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n*log(n,2) = 18*10^7

 

solve for n.

log(n,2) is equivalent to log(n) with base = 2. 

Guest Jun 2, 2017
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6+0 Answers

 #1
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0

This is how you should write it:

n*log(2, n) = 18*10^7

n≈ 7.8582779588575599198532262×10^6 [Still Newton-Raphson method-See your last post]

Guest Jun 2, 2017
edited by Guest  Jun 2, 2017
 #2
avatar+26005 
+2

You could also do this by simple iteration.

 

\(\text{First scale the problem to deal with more manageable numbers. Let }x=\frac{n}{18\times10^7}\\.\\\text{Then the equation becomes: }x\log_2(18\times10^7x)=1 \\.\\\text{Rewrite in the form: }x=\frac{1}{\log_2(18\times10^7x)} \text{ and use a simple iterative approach.}\\.\\ x_0=1\\ x_1=\frac{1}{\log_2(18\times10^7*x_0)}\rightarrow 0.036465\\ x_2=\frac{1}{\log_2(18\times10^7*x_1)}\rightarrow0.044158\\ ...\\ x_8=\frac{1}{\log_2(18\times10^7*x_7)}\rightarrow0.0436571\\.\\ n=0.0436571\times18\times10^7\approx7858278\)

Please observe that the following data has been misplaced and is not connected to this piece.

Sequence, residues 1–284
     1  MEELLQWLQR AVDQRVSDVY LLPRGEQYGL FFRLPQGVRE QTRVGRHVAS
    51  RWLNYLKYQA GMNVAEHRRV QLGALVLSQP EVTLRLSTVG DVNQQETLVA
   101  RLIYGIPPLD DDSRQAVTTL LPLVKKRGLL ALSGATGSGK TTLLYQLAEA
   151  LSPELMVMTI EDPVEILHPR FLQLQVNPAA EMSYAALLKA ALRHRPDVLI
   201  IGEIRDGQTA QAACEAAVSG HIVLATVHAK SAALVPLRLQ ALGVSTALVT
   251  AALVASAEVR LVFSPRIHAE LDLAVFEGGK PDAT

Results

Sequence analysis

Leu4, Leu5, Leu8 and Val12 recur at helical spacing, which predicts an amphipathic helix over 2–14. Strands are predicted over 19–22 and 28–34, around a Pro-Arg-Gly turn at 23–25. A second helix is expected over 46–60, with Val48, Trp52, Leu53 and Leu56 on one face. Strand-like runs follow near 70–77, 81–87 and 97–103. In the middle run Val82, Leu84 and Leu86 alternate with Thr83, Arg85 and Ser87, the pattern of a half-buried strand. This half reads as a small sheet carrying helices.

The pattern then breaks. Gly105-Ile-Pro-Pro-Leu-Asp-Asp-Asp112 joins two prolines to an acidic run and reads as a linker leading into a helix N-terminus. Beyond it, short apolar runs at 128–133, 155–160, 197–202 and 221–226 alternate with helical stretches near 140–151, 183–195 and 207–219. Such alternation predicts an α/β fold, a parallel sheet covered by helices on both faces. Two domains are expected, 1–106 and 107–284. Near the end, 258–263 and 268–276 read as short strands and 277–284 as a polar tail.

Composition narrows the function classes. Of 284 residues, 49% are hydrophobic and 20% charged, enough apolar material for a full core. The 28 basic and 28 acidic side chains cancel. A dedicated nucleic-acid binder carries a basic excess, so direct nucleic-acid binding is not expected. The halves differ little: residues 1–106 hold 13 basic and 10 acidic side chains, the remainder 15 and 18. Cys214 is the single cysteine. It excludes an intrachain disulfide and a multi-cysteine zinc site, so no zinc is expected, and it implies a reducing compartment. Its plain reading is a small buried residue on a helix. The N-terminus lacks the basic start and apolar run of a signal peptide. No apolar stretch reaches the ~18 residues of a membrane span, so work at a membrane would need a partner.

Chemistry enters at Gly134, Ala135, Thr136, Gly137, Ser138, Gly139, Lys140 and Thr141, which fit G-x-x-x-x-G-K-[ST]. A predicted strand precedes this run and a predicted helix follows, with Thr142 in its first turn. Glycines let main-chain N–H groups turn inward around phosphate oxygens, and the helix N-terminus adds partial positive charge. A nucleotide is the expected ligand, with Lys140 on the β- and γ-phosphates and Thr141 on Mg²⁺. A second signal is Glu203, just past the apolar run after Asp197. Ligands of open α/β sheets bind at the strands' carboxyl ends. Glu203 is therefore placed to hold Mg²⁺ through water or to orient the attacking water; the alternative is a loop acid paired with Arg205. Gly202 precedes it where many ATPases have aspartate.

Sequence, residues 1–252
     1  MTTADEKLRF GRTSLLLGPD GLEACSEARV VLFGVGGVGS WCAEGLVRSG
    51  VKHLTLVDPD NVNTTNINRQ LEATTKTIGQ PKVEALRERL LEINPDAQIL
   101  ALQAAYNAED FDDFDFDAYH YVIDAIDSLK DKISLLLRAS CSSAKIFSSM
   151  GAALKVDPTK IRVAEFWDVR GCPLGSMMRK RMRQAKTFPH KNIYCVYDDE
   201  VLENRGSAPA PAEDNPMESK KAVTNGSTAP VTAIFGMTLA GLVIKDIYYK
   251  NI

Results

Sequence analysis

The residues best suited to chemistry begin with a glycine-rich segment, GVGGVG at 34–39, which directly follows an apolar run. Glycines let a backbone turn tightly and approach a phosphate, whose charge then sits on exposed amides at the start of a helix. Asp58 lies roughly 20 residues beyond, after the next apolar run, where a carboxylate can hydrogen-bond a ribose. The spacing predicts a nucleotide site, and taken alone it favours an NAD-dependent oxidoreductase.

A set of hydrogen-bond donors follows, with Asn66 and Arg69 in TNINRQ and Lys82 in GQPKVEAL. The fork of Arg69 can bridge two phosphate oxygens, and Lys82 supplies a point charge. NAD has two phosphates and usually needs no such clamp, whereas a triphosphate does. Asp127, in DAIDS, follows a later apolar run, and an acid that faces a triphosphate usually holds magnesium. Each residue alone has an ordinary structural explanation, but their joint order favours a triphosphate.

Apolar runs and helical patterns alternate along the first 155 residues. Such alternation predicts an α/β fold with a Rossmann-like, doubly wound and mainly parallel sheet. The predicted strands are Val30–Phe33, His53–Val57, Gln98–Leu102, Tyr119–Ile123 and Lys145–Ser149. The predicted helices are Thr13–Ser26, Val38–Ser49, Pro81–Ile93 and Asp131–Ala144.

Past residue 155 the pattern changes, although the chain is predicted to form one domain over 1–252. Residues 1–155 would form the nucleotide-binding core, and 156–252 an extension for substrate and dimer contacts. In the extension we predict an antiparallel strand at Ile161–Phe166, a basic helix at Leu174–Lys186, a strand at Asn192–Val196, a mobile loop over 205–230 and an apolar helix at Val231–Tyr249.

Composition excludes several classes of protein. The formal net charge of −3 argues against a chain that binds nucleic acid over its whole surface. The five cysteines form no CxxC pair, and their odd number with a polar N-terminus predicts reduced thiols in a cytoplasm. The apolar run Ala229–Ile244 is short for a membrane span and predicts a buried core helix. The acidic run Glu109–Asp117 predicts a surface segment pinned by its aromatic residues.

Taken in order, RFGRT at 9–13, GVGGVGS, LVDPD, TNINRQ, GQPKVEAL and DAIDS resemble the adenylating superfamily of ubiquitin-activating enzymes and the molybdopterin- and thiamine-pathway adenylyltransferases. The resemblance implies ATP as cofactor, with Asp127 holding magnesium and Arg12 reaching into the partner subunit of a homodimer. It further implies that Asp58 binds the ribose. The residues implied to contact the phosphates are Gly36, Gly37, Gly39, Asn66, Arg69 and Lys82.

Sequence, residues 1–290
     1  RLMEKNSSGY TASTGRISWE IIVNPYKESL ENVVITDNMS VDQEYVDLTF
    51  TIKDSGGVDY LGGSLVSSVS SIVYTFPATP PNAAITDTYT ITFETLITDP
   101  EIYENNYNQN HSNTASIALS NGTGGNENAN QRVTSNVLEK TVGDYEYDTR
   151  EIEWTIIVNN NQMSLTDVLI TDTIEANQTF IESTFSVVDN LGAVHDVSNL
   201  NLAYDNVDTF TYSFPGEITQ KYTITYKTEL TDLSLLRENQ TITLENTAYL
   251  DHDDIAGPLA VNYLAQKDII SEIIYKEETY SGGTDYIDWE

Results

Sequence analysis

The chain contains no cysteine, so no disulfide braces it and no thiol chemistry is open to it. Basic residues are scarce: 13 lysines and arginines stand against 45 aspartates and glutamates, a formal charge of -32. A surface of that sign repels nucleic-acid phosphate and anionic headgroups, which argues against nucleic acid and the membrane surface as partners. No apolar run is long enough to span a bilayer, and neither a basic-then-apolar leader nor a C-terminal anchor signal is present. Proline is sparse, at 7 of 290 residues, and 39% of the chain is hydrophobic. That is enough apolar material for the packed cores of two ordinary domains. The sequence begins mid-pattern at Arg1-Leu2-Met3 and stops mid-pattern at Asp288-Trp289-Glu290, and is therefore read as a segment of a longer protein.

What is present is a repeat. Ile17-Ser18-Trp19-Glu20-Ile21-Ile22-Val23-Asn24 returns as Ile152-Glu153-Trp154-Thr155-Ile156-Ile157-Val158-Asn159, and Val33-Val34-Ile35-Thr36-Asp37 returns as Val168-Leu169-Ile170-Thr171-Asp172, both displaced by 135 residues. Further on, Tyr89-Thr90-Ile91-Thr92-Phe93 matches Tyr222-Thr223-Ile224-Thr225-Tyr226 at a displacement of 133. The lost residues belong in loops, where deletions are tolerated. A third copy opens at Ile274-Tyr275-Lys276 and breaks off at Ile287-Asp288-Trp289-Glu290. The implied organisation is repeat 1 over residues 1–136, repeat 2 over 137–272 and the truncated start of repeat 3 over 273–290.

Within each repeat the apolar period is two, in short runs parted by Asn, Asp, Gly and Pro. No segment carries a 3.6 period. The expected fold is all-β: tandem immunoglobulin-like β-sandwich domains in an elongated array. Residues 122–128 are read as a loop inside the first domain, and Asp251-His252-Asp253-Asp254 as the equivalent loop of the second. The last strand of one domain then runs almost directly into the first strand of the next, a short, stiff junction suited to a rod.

Alan  Jun 3, 2017
edited by Alan  Jun 3, 2017
 #3
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+1

Thanks very much Alan. Are you familiar with "Lambert W function?", sometimes called "Product log function?". Thank you again.

Guest Jun 3, 2017
 #4
avatar+26005 
+2

Yes, I know about the LambertW function.  This is usually written as w*e^w = x (where w is to be found given a value of x), or as w + ln(w) = ln(x).  I didn't think to seek a solution to your problem in terms of LambertW as I suspect most people using this site are not familiar with it. (Also, not immediately obvious how to manipulate your equation to LambertW form!)

.

Alan  Jun 3, 2017
 #6
avatar+26005 
+2

Thinking about this further:

 

Write equation as: n*ln(n) = 18*10^7*ln(2)

 

Let w = ln(n), so n = e^w, then we have w*e^w = 18*10^7*ln(2) so w = LambertW(18*10^7*ln(2))

 

and n = e^LambertW(18*10^7*ln(2))

.

Alan  Jun 3, 2017
 #5
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+1

Great. Thanks a lot again.

Guest Jun 3, 2017

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